We’re fairly certain you didn’t enter the colorful world of cosmetology to be pushing papers. In fact, a majority of you were probably drawn to pursue hair styling as a career to escape the mundane tasks of office work.
But hear us out a minute … imagine your client walks into your salon, ready for her appointment. She’s been in only once before, and that was several months ago. You think she may have received some sort of color treatment, but can’t remember exactly what because you didn’t ask her to complete a client consultation form or record the service on a color card. You take her to your chair and ask her what she would like done today. “I want exactly what you did last time.” Uh-oh…
Your options now become A) admit you didn’t record the last service and you unfortunately can’t promise her color today will come out exactly as it did last time, or B) rack your brain as best you can, go on with the technique and formula you think you probably used last time, and hope for the best. Neither option is preferable, and it places both of you in an uncomfortable situation. By not having the proper documentation, you not only risk upsetting and losing a client, but you also risk diminishing your reputation as a responsible, attentive hair stylist.
Whether they tickle your organizational soul, or you’d prefer to avoid them at all costs, business forms are a vital and necessary aspect of salon and client management. But try to think of them as more of an extension of your professional handshake.
Client consultation forms are an incredibly useful way for new clients to tell you important aspects about themselves that may be relevant to not only their service, but to their safety. Knowing more about their hair-care history can serve as your first indicator to any contraindications, allowing you to further discuss any red flags during the consultation. How often does your client flat iron their hair? When was the last time they received a chemical texture treatment? Have they ever had an adverse reaction to products, treatments, or chemicals that were used on them? The info contained in a client consultation form is invaluable to have on hand. By recording the information, it can be revisited before each consecutive appointment, helping you establish a game plan with much more ease and confidence while establishing that you care about them and will keep them safe.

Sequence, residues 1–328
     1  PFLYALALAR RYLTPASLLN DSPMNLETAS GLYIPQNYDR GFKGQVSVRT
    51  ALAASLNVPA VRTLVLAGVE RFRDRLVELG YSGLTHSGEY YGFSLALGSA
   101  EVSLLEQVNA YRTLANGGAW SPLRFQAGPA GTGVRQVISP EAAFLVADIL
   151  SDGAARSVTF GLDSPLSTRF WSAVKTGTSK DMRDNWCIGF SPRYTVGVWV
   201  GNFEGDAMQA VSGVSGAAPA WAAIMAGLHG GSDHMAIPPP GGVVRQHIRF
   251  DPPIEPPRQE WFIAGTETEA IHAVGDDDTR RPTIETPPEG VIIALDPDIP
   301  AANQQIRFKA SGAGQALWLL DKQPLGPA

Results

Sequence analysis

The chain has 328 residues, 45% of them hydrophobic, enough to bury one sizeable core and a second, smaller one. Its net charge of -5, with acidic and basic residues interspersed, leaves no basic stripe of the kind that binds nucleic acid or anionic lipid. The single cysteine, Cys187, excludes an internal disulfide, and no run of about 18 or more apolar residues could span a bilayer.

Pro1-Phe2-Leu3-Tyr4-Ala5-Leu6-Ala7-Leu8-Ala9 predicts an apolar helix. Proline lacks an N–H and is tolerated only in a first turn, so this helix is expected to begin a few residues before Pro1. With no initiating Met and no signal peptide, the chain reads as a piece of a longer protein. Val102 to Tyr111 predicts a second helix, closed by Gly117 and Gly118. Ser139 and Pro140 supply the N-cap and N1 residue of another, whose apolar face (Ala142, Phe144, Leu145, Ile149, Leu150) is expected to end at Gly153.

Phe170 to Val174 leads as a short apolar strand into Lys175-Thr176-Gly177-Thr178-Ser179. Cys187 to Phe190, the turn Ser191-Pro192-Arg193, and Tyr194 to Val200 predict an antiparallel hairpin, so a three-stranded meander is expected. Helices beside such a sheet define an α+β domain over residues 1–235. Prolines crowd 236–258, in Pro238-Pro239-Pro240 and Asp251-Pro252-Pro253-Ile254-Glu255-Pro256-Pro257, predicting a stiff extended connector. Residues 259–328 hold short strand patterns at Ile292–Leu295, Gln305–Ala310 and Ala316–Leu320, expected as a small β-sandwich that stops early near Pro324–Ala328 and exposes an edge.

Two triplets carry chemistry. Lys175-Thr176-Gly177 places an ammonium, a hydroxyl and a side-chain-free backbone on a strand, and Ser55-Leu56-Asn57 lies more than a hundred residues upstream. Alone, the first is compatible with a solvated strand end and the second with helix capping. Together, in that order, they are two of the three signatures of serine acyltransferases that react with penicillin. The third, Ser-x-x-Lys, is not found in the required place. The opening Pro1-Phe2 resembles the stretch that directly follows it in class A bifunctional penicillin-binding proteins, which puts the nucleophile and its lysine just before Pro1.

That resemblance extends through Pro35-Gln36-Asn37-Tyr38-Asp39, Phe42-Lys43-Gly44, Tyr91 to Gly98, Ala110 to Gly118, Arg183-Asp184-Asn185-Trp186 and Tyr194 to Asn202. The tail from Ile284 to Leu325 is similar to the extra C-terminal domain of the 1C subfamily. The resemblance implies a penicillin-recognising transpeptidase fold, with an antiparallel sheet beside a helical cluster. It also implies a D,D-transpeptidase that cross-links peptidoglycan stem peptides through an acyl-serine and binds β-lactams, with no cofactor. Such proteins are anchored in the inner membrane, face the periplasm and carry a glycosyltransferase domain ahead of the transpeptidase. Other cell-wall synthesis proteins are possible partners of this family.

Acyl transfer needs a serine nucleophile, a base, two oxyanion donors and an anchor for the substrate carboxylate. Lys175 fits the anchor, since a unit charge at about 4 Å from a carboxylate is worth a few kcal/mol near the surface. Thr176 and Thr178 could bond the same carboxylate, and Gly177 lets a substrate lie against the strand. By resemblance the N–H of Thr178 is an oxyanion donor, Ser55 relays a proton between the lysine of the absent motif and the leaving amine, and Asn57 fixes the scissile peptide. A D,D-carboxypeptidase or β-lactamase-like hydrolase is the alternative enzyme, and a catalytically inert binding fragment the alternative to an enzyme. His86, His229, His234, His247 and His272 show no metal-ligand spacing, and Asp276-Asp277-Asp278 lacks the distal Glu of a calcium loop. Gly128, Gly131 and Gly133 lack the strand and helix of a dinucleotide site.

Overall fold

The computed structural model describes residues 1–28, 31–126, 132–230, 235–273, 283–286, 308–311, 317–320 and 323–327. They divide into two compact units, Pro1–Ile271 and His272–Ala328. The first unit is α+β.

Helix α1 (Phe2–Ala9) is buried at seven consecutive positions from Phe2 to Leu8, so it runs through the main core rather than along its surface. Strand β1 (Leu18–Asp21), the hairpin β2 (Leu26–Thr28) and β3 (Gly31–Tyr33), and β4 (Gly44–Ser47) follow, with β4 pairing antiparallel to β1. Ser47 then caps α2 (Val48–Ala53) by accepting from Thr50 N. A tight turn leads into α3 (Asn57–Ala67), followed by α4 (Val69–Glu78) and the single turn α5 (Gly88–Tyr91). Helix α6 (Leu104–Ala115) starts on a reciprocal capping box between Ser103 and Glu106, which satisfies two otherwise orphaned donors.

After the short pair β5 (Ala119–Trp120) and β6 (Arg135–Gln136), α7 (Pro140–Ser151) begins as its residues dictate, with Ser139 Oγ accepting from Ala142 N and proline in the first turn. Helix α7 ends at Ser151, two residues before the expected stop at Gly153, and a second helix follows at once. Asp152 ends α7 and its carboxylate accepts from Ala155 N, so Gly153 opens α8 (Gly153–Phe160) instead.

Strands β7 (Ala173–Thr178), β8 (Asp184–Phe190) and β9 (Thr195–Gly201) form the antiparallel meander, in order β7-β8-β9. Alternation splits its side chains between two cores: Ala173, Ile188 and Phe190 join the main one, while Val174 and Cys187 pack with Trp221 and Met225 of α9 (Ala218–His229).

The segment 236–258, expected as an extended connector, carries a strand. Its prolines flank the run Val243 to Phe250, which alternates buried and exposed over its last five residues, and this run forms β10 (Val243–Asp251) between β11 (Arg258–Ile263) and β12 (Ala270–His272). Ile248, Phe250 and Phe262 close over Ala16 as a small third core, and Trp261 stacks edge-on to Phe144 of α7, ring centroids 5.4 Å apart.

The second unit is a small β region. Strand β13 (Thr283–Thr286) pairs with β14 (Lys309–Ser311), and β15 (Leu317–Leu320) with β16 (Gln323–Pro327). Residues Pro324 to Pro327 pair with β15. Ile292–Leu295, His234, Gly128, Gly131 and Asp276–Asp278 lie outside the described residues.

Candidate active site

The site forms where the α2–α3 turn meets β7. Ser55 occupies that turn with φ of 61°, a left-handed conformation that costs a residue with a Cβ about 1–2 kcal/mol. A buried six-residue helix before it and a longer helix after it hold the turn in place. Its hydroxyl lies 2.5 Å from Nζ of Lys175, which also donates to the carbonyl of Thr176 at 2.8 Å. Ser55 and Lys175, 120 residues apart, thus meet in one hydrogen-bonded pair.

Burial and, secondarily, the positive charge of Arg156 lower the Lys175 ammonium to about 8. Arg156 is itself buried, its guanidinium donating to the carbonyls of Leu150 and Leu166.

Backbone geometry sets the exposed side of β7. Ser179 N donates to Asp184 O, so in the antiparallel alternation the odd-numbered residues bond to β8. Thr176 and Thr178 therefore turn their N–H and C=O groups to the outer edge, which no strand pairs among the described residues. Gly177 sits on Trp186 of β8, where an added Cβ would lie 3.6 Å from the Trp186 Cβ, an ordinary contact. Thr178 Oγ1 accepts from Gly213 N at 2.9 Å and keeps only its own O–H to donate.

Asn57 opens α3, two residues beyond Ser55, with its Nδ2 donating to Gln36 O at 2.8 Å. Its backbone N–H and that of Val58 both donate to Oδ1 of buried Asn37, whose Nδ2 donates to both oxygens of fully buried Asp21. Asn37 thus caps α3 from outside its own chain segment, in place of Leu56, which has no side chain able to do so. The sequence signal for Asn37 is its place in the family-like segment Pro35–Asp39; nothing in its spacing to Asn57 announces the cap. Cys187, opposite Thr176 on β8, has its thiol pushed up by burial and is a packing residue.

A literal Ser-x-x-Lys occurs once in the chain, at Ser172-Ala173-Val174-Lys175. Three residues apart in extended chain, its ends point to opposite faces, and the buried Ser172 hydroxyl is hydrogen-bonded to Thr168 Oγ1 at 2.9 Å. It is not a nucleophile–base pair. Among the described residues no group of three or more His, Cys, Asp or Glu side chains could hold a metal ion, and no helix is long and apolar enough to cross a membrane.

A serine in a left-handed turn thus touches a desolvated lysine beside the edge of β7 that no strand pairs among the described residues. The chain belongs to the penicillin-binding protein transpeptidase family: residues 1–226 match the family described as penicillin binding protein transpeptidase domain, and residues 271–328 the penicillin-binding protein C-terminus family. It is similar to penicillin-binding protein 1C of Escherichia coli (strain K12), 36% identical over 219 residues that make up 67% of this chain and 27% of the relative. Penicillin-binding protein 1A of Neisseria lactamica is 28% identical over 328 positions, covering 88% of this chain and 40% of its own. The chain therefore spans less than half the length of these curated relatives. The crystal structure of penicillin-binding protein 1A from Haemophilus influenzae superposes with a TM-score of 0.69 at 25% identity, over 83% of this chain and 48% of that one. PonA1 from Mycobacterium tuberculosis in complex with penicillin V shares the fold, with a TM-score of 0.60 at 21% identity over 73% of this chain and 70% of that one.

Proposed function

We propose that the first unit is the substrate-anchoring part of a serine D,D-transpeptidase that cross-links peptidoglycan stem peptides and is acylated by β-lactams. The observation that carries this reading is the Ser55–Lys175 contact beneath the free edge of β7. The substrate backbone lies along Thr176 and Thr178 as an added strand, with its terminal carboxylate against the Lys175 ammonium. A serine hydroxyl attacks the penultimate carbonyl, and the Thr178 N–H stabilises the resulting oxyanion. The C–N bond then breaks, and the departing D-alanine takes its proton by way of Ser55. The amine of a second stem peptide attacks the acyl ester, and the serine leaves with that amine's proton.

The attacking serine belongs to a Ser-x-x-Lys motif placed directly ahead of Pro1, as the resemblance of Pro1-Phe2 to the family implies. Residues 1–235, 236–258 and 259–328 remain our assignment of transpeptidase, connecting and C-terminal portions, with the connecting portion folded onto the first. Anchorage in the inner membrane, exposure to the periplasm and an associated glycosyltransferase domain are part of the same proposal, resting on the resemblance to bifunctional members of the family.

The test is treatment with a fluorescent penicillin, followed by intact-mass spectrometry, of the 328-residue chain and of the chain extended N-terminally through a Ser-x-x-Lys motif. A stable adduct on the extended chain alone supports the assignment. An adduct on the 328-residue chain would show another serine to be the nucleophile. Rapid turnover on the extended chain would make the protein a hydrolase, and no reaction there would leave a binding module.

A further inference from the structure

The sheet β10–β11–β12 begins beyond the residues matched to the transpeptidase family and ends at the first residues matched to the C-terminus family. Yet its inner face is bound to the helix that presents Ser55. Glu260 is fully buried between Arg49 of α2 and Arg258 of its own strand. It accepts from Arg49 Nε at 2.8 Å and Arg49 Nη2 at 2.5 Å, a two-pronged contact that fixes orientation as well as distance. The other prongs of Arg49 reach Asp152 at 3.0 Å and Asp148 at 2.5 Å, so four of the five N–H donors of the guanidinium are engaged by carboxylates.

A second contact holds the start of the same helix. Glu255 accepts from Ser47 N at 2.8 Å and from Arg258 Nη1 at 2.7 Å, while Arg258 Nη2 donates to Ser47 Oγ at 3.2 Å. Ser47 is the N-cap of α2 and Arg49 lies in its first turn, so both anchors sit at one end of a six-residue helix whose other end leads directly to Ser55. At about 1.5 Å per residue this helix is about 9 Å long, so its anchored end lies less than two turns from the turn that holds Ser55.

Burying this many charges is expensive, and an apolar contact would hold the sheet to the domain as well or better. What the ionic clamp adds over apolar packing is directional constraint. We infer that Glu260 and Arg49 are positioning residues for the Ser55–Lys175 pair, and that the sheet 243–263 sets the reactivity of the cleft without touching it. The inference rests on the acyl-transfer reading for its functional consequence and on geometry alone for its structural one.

Equally as important as the consultation forms is maintaining color records. View these as your ultimate service cheat sheets. Recording the condition of your client’s hair and the desired result, followed by your formula, placement, steps, and timing with a summary of the outcome, including thoughts on adjustments for next appointment, will have you being promoted to Hair Wizard status in no time! Whether your client wants the same color as her last appointment or wants to change it up, keeping current and accurate notes of what you have done in the past will make your job easier and leave more time for you to be creative and have fun. Talk about a win-win!
While it may not be the most exciting aspect of your day-to-day duties, these records are an absolute must. Aside from impressing your client with your professionalism, maintaining records of your client’s hair care and history is insightful, saves you time, and keeps your client safe.
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Consultations & Communication
This book will touch on consultations (of course), keeping client records, saying no, and even some of the ways we’re inadvertently communicating to clients that it’s okay to be a “bad” client. Enjoy these articles, but then make sure to get to your local AHP Root gathering for real talk with fellow hair professionals about their consultation and communication best practices, and maybe even some shared camaraderie over client communication frustrations.